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After fraying wires in the backyard knocked our internet out for three days, ILFA is back with some weekend links. First off, however, I must pay homage to the Verizon employee who saved the day this morning: not only did he show up early (usually the 8am-8pm window means a visit around 4 or 5pm), but he ran up and down our stairs ten times at breakneck speed, completely rewired our connection, fixed another faulty connection while doing our job, and reported a bungled attempt at a burglary to the super of the building next door. Not bad for a Saturday before noon.
- This story is a week old, and many readers have probably seen it elsewhere, but Oprah Winfrey made her way out from Chicago to Crown Heights last fall to film a two-part series with two Chabad/Hasidic Jewish families right here in Crown Heights. The first of these episodes aired a week ago, prompting generally favorable reviews from the Chabad community and the general public (Rachel Shukert, who's appeared at the Franklin Park Reading Series, wrote a thoughtful review for Tablet). While Shukert notes that the families Oprah encounters are remarkably camera-ready and gloss over some of the more uncommon or even controversial elements of their lifestyle, she suggests that there's much to be gained from watching, and after a clip or two, I'm inclined to agree. Tensions between longtime Jewish residents and newcomers made news a couple of weeks back, and while Oprah can't solve everything, having a sense of who our neighbors are can never hurt.
- Councilwoman Letitia James came across my Google Alert for Crown Heights yesterday as the focus of a piece in Gay City News with an eye-popping headline. James is leading the charge in the City Council for the opening of schools to churches when school is not in session, which would require a new law allowing worship services in schools (such services are currently banned by New York State). The law in question has interesting implications. On the one hand, I can completely understand the desire to get more community groups, including churches, invested in local schools by turning them into resources for local groups. Churches, including many in James's district, are often repositories of motivated, experienced community leaders, and giving these people a vested interest in public schools could be a route to improvement (courting local investment in schools is something we discussed on this blog a few weeks ago). On the other hand, as the article cited above notes, allowing groups that sometimes openly discriminate against people of different creeds, genders, and sexualities to use public facilities to ply their trade (and to mark schools as "their territory" in some fashion) strikes many observers as extremely problematic. James counters with the point that churches are already tax-exempt and thus state-subsidized - readers, your thoughts?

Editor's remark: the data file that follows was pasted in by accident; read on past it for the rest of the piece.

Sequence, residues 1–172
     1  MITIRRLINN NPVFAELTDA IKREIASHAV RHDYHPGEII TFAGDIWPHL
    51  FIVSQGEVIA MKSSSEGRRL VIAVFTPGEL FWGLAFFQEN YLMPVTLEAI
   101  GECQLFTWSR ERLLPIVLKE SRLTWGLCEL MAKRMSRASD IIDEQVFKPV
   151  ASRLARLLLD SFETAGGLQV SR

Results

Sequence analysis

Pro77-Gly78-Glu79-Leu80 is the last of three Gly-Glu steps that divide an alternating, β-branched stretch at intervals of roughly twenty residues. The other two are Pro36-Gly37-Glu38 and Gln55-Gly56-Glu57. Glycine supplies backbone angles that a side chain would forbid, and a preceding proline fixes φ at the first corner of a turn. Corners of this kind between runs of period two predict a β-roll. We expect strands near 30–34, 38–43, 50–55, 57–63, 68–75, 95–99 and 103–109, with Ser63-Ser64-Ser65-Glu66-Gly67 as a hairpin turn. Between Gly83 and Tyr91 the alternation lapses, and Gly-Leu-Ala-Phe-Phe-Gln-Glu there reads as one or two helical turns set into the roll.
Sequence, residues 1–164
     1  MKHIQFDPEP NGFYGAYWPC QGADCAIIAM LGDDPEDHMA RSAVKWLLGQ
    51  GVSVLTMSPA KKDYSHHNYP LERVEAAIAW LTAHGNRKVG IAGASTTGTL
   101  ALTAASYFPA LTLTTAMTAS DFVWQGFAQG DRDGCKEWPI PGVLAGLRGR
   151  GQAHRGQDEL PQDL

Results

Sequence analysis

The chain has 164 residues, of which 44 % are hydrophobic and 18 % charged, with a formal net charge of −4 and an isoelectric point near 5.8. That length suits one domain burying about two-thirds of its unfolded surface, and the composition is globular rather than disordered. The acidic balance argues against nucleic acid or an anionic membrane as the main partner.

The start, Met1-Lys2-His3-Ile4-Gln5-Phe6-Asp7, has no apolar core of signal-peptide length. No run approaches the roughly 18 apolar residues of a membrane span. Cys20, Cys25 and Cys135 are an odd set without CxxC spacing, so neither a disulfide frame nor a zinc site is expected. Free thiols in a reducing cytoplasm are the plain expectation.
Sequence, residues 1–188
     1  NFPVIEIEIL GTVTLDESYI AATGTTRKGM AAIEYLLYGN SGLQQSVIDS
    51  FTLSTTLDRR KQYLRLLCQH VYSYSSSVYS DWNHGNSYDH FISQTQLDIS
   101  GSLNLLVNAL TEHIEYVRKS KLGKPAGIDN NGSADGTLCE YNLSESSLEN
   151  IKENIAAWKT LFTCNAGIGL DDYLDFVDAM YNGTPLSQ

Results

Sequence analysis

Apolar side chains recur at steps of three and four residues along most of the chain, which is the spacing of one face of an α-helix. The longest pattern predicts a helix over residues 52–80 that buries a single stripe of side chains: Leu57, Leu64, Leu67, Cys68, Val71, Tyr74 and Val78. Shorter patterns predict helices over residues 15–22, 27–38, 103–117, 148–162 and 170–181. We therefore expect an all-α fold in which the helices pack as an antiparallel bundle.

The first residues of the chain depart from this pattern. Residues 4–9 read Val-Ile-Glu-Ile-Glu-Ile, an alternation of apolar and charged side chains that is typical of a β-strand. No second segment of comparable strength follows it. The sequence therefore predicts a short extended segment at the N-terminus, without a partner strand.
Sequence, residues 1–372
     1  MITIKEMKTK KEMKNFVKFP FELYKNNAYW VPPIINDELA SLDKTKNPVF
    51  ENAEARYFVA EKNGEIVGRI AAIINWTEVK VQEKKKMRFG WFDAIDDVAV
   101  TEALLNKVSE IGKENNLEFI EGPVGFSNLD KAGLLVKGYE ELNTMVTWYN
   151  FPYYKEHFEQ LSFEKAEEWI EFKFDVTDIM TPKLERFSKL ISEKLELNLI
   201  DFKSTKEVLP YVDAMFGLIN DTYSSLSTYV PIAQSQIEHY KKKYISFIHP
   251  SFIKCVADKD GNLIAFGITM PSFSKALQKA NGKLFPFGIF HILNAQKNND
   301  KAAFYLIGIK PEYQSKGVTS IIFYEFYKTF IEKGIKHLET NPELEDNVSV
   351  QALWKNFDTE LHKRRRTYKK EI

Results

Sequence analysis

- Stork got a nice write-up from Prospect Heights Patch earlier this week. They're slated to open on March 3rd.
- Finally, the Bedford-Union Armory Project linked some truly fantastic photos of the space from Levine Roberts. Use them to fuel your imagination, and then email your ideas for repurposing this massive space to firstname.lastname@example.org, where the Armory Project is compiling them for a spring report.